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Football and film brings White back home

Adam White interviews Andrew Carrazzo during the filming of Carlton's Virgin Australia Film Festival entry. (Photo: Carlton Football Club)
Adam White interviews Andrew Carrazzo during the filming of Carlton's Virgin Australia Film Festival entry. (Photo: Carlton Football Club)

It’s 20 years now since Adam White’s association with Carlton began; the boy from East Burwood having been cherry-picked with selection No.41 of the 1994 National draft.

For White, 44 senior games in the dark Navy Blue followed - amongst them the famous 1999 Preliminary Final where the good guys nutted Essendon at the MCG on the same day Bracks ousted Kennett at the ballot box.

Rather unfairly, he’s remembered as the player ko’ed by a field umpire at Football Park in ’97. But  that was then, this is now and the bloke who wore Jarrad Waite’s No.30 thesedays dedicates his professional life to filmmaking.

“Filmmaking is the path I’ve taken, but it was the case even when I was playing . . . back then I was studying video production, photography and filmmaking at university,” White said. 


Adam White during his playing days with the Blues. (Photo: Carlton Football Club)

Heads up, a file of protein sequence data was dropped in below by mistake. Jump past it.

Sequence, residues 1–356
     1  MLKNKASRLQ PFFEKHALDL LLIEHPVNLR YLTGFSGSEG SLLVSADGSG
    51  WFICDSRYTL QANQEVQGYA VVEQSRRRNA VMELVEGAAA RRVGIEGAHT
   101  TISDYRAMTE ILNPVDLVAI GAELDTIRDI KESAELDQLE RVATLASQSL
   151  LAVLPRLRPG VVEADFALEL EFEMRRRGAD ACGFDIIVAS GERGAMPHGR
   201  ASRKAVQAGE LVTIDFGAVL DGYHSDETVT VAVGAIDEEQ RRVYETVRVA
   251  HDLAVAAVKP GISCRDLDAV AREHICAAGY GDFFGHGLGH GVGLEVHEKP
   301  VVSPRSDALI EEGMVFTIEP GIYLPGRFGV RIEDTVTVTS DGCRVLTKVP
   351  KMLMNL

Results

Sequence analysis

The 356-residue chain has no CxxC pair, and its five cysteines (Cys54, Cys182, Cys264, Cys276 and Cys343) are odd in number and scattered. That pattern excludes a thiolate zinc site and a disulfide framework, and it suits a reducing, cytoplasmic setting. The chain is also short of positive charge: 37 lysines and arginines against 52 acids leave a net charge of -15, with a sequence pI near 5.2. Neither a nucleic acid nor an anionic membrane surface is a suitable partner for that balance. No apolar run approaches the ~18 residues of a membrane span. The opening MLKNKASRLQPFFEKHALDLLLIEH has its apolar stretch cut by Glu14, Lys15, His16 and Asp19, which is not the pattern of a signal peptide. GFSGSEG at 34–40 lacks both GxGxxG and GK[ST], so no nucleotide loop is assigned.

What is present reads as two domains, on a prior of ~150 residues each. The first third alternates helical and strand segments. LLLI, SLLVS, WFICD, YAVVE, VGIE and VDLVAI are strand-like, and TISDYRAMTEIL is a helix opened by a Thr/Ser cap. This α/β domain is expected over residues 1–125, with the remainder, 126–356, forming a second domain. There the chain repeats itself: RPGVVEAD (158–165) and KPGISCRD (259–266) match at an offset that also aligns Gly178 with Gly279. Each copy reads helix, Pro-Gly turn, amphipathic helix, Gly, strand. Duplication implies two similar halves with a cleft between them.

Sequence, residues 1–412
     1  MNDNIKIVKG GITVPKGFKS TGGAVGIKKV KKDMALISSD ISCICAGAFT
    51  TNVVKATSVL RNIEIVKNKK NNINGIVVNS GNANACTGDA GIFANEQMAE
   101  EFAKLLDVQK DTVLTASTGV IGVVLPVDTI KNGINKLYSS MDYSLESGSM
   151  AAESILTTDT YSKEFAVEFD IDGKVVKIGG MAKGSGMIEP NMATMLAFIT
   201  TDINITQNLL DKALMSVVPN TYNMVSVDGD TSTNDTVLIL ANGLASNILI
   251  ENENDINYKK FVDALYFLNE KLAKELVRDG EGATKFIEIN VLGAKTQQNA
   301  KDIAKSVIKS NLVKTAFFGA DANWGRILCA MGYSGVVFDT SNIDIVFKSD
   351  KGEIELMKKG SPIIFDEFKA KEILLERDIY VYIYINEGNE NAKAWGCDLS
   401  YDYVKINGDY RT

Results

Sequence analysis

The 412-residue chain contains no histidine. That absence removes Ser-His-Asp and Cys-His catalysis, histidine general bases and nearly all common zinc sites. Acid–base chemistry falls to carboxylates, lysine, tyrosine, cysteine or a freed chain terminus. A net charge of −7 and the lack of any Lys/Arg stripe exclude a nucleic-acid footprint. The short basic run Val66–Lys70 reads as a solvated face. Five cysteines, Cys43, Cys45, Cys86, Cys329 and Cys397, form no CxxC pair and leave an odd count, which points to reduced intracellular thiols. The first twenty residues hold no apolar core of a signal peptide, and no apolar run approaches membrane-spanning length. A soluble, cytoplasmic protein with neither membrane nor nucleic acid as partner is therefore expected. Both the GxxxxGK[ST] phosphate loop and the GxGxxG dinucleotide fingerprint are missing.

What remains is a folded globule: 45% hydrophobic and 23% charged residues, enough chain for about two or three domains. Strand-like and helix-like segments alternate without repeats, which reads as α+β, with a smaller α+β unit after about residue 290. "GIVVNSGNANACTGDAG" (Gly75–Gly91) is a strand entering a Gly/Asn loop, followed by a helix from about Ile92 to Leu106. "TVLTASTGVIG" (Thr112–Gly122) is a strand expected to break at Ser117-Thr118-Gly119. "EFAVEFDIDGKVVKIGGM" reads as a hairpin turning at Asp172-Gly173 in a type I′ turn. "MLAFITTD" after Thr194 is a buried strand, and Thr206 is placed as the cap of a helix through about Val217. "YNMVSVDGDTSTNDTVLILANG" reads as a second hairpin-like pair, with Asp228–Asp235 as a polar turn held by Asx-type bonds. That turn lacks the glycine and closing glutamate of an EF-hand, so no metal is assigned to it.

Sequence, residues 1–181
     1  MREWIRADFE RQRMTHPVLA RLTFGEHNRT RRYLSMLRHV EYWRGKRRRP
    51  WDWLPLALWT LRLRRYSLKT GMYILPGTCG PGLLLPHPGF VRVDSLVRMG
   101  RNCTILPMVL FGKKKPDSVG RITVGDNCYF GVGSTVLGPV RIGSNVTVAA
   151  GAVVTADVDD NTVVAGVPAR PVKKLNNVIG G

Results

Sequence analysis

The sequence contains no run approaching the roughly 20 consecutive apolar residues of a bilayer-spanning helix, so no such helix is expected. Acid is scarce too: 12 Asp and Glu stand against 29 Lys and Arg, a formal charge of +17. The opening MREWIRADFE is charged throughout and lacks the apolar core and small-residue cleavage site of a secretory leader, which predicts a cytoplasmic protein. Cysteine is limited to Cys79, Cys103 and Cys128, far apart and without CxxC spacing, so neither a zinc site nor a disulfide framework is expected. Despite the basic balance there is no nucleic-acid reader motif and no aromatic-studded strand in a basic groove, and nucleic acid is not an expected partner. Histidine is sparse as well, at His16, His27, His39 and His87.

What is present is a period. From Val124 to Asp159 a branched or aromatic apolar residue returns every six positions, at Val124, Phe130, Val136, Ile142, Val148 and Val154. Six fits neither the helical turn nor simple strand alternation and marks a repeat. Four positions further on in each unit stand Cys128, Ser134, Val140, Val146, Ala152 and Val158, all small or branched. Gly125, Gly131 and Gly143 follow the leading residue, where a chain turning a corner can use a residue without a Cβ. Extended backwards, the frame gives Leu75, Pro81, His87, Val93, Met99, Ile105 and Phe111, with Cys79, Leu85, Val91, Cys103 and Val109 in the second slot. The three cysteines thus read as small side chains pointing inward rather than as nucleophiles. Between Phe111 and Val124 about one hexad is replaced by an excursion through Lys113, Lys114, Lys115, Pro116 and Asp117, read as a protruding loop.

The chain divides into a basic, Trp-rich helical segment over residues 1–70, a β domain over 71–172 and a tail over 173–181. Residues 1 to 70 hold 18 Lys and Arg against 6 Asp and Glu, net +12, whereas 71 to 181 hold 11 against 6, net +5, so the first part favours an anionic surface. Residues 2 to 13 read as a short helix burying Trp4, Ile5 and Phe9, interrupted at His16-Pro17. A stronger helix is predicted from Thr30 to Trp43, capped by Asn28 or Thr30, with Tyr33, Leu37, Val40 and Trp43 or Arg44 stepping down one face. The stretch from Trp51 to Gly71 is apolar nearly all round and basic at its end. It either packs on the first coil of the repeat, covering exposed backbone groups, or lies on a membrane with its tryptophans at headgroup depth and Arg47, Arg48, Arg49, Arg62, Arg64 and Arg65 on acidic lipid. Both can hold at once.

“At Uni I learned how to shoot on film and edit on film, but we were all on the cusp of the digital age and you continue to adapt to the changing landscape.”

Over the past ten years, White has eked out a serious career from behind the camera, in listing amongst his directorial credits the short films A Black and White World, Toucan and Attack, along with the 10-episode TV series Kane & Disabled.

Recently, film and football club drew White back to Carlton, as director of a three-minute short commissioned by the club for the 2014 Virgin Australian Film Festival. The feature revolves around the story of Carlton’s Andrew Carrazzo and his deeply personal connections with his Italian lineage and the Carlton community.

Though White and Carrazzo had never before met (even given that the East Burwood and Carlton Football Clubs were common to both), the former found the latter and inspiration in what was a three-day shoot at Visy Park, the MCG and the Carrazzo family home.

“To put this in perspective, I wrote a script based on discussions I had with the team at Carlton and Andrew, but Andrew was able to put his passion into the story and I think the story came across more truthfully,” White said.

“You can write all the hyperbole you want, but when a person tells you his own story it sounds more real and you can see the truth . . . and this was a story Andrew was passionate about.”

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